Triage with Random Forests: Machine Learning for Transient Classification

In the coming decade, astronomers plan to discover thousands of rare, poorly understood, exotic transients. However, telling these apart from the torrent of “normal” flashes quickly enough for useful follow up observations will pose a daunting challenge. Thankfully, new algorithms powered by machine learning techniques may be able to triage for us.

Transient Triage

Though it may appear tranquil and unchanging to the casual observer, if one looks carefully, they find that the night sky is actually crackling with small, slow flashes. Thanks to modern cameras and computers, astronomers have grown increasingly attentive and now catch more of these flashes than ever before. The community flags about 20,000 so-called “transients” each year, and the rate is only expected to grow in the next decade.

A large number of astronomical events, such as thermonuclear and core collapse supernovae, produce roughly similar-looking flashes, so simply spotting one does not reveal much useful information. To better study the underlying physics powering each transient, astronomers must revisit each with different types of detectors. Unfortunately, the staggering pace of discovery is too fast to thoroughly follow up on every transient. Faced with finite telescope time, astronomers need to play a constant game of triage: which transients could uncover something interesting with additional follow up, and which are just more run-of-the-mill supernovae that we can allow to fade unwatched without worry of missing something exciting? An increasingly promising way to decide is to cede the choice to a machine learning algorithm.

FLEET and the Forest

A 2D scatterplot where each point represents a single archival transient. The X axis marks the probability assigned by FLEET 2.0 of a transient corresponding to a superluminous supernova, and the Y axis marks the same but from FLEET 1.0. True known superluminous supernovae are shown in blue, and in general, they either lie in the upper right corner, or further along the X axis than Y.

A comparison of the old FLEET 1.0 algorithm and the improved FLEET 2.0. Here, both random forests were asked to consider archived observations of many previous transients. FLEET 2.0 generally outperformed its predecessor and uncovered tens of transients that may have actually been superluminous supernovae but went undiagnosed before fading. [Gomez et al. 2023a]

A pair of recent articles in the Astrophysical Journal led by Sebastian Gomez (Space Telescope Science Institute) details the performance and recent upgrades of one such algorithm. Named “Finding Luminous and Exotic Extragalactic Transients,” or FLEET, this random-forest classifier takes in the first few days of observations of a transient and metadata about its host galaxy, then outputs the probability that the transient is a certain type of astronomical event.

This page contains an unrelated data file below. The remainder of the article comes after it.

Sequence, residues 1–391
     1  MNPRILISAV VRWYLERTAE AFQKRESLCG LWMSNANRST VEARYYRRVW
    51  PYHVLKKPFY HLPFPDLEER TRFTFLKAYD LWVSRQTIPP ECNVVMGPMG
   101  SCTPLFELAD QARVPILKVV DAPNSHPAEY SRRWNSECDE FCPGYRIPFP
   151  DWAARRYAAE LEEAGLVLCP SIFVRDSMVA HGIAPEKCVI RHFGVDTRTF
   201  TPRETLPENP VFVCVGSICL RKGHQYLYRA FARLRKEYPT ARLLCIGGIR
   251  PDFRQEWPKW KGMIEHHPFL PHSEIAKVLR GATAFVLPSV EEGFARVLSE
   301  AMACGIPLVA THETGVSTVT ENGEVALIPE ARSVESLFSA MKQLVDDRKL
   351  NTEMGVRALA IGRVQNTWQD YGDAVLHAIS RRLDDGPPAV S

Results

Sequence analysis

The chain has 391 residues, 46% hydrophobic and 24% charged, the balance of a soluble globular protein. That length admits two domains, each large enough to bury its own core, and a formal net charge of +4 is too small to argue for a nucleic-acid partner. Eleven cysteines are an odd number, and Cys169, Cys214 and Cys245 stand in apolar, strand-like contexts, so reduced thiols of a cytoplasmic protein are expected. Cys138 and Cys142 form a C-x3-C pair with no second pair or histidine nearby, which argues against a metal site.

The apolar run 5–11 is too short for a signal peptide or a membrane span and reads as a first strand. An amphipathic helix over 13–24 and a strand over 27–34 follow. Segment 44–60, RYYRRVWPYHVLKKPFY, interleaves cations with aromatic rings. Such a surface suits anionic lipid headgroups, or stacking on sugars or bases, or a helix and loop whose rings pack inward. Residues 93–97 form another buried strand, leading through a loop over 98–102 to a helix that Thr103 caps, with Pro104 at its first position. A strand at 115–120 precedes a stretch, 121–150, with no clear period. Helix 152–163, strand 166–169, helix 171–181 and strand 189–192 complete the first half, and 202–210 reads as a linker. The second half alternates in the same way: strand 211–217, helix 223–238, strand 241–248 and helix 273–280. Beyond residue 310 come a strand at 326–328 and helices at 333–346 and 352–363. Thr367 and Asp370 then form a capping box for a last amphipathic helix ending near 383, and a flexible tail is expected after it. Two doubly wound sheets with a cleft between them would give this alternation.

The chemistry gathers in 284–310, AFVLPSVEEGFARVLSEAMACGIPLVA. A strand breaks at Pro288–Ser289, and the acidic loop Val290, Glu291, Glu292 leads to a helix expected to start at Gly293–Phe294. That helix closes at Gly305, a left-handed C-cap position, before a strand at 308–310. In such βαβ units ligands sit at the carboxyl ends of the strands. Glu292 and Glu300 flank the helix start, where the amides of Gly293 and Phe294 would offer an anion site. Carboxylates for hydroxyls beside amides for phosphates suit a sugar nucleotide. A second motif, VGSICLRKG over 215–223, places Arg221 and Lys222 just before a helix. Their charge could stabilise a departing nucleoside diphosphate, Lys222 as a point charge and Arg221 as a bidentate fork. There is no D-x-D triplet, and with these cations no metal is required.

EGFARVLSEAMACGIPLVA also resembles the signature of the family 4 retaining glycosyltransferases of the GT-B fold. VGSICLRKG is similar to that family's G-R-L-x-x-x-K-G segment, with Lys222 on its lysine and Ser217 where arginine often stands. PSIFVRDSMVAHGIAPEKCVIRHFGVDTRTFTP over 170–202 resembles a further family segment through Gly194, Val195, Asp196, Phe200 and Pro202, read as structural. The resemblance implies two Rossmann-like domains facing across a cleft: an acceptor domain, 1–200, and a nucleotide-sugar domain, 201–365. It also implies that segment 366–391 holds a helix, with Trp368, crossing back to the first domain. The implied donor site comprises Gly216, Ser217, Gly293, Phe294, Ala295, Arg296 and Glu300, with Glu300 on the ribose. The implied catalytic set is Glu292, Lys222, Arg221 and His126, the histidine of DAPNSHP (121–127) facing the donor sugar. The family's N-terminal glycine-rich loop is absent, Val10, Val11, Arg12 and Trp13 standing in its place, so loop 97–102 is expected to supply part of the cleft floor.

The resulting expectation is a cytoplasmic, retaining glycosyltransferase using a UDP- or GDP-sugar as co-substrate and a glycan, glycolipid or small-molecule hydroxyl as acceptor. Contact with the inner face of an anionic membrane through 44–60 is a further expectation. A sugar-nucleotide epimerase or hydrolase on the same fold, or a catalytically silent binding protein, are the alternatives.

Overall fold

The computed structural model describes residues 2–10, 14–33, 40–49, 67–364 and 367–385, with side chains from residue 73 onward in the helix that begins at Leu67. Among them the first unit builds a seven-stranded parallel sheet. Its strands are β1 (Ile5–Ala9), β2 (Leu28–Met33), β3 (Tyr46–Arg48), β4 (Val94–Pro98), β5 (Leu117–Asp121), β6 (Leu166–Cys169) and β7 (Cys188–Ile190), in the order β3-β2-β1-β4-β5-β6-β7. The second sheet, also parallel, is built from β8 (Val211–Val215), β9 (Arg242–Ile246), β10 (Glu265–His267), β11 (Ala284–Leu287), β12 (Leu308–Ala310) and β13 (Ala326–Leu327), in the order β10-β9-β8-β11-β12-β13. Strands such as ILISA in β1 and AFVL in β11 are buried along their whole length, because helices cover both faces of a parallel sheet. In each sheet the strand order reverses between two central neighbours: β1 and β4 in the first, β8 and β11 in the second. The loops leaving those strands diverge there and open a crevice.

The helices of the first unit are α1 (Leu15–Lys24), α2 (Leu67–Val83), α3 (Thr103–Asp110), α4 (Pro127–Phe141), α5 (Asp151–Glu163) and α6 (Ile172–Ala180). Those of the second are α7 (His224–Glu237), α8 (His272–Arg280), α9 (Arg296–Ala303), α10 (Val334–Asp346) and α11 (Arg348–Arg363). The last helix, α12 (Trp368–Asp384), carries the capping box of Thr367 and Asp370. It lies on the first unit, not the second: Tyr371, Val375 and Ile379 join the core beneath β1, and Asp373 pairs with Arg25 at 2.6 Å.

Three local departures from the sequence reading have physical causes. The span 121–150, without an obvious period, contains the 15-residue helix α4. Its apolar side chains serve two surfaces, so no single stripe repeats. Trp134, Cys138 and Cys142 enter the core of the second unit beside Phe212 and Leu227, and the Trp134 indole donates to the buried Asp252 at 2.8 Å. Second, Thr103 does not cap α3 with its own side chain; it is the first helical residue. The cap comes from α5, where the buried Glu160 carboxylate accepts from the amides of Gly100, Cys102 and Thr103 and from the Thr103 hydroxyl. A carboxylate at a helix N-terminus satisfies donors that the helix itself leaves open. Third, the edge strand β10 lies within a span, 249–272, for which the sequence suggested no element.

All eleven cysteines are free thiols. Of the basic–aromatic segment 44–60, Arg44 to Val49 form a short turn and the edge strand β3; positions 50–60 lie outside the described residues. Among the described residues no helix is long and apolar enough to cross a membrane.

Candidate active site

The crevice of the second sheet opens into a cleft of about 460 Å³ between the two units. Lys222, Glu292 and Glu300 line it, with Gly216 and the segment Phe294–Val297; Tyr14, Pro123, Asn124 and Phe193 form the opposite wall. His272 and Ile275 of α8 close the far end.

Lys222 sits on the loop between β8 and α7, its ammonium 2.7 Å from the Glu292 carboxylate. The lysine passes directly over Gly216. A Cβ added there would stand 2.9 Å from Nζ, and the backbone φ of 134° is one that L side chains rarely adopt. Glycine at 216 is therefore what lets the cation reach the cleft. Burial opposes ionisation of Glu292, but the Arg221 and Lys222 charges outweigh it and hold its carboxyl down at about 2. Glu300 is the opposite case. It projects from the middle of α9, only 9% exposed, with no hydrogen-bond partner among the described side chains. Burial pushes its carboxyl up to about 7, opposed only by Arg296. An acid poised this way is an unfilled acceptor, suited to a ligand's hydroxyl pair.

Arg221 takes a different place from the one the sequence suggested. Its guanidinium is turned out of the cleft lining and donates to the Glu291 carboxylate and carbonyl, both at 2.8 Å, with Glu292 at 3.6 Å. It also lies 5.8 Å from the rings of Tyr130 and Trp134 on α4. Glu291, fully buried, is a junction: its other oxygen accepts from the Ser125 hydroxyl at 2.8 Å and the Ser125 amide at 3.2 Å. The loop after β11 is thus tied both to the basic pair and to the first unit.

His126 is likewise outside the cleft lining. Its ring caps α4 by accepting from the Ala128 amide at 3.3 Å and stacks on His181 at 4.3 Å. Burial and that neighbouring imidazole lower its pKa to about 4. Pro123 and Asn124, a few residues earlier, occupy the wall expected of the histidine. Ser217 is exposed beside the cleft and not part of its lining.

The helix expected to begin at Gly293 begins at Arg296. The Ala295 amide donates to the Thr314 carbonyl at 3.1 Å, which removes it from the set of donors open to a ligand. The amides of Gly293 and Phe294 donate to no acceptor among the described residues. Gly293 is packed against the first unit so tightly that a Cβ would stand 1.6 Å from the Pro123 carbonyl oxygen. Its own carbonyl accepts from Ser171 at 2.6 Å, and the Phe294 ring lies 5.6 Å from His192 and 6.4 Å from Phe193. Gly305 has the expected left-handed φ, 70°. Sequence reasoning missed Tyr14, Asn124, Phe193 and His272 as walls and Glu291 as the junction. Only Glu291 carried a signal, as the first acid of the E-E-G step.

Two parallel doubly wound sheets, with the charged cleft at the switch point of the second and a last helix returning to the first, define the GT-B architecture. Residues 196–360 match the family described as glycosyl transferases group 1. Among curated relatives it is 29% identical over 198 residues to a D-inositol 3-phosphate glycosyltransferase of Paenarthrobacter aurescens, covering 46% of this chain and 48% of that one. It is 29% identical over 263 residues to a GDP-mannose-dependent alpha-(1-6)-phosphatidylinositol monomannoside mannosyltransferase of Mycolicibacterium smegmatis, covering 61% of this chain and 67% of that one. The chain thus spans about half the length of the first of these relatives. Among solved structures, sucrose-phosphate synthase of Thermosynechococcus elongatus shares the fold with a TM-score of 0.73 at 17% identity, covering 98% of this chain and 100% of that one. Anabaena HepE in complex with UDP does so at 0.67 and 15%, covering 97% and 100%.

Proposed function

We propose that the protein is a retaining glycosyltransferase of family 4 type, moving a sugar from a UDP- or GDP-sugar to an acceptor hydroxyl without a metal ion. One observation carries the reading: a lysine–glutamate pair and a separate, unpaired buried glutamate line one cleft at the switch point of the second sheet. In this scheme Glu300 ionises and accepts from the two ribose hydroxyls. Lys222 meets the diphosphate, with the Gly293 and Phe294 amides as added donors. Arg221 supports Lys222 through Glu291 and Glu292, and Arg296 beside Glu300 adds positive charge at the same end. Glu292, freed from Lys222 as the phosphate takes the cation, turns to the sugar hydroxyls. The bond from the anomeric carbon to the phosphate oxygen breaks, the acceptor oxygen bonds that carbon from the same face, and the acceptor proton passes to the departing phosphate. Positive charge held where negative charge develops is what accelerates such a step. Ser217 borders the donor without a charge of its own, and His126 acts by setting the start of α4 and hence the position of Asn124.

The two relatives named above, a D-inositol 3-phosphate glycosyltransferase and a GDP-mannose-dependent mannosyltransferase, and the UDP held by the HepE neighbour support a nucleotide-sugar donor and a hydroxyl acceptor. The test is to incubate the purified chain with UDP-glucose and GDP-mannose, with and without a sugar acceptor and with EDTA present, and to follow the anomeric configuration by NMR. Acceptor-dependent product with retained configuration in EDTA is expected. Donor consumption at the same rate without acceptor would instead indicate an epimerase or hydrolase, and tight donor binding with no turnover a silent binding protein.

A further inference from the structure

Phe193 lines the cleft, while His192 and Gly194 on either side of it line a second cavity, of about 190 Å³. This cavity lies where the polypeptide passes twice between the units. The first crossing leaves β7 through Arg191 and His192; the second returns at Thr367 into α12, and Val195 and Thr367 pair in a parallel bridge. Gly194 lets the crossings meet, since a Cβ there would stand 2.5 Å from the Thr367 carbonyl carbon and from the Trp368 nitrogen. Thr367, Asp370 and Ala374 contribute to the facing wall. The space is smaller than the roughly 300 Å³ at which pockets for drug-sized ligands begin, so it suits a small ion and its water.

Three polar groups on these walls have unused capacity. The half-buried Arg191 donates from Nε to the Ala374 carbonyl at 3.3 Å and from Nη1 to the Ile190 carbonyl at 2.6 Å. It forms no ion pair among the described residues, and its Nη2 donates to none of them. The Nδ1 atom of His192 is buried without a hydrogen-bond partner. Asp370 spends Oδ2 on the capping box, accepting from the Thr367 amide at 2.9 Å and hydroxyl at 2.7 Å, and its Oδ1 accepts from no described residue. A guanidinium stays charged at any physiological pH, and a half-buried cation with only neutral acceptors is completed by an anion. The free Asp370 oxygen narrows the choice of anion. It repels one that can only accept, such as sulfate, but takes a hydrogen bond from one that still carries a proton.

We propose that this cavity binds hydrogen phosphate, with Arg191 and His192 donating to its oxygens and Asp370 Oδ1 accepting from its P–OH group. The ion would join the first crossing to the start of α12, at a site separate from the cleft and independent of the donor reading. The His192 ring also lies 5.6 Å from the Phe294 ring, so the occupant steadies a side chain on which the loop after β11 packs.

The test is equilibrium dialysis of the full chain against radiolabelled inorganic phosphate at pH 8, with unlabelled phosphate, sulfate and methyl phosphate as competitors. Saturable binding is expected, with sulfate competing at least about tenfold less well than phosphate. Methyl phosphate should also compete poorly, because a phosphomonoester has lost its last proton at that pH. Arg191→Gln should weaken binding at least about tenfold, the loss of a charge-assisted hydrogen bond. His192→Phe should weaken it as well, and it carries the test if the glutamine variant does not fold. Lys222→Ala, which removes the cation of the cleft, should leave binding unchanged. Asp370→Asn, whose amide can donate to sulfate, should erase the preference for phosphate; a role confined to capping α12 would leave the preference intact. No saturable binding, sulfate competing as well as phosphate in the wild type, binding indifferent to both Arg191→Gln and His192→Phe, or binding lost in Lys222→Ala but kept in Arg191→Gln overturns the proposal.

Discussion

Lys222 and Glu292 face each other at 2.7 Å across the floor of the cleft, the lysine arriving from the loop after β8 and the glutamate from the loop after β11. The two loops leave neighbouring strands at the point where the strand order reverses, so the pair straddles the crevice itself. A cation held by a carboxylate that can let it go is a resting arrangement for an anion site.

Gomez and collaborators were particularly interested in two types of rare explosions: superluminous supernovae and tidal disruption events. The community has only ever observed a handful of each, though more are likely hiding in the constant stream of transient discoveries. By training FLEET to latch onto subtle differences between transients and quickly extract the underlying event, the team could prioritize follow-up resources to target promising candidates and expand their so-far sparse catalogs.

A histogram with redshift on the X axis and number of TDEs/year on the Y. Below a redshift of 1, LSST should find 10^4 TDEs/year, of which FLEET would recover roughly 1,000.

They expected number of tidal disruption events the Vera C. Rubin Observatory will observe each year during its LSST program, and the number of those which FLEET is expected to confidently flag as a candidate worthy of follow up. Note that currently astronomers have observed fewer than 100 tidal disruption events. [Gomez et al. 2023a]

Since its original release in 2020, FLEET is responsible for flagging 41% of all recorded superluminous supernovae. Even more exciting than its previously impressive performance, however, is its future potential. The team made sure that their algorithm could plug into data streams of future surveys, like the upcoming Vera C. Rubin Observatory Legacy Survey of Space and Time (LSST) and Roman High Latitude Time Domain Survey, the former of which is expected to observe, but not immediately recognize, up to 10,000 tidal disruption events alone each year. Using FLEET, the community could extract up to 2,000 of these events each year for further study. Considering that our current understanding of these chaotic processes is built on fewer than 100 observations, this would revolutionize the field in ways we can’t yet predict.


“Identifying Tidal Disruption Events with an Expansion of the FLEET Machine-learning Algorithm,” Sebastian Gomez et al 2023 ApJ 949 113. doi:10.3847/1538-4357/acc535

“The First Two Years of FLEET: An Active Search for Superluminous Supernovae,” Sebastian Gomez et al 2023 ApJ 949 114. doi:10.3847/1538-4357/acc536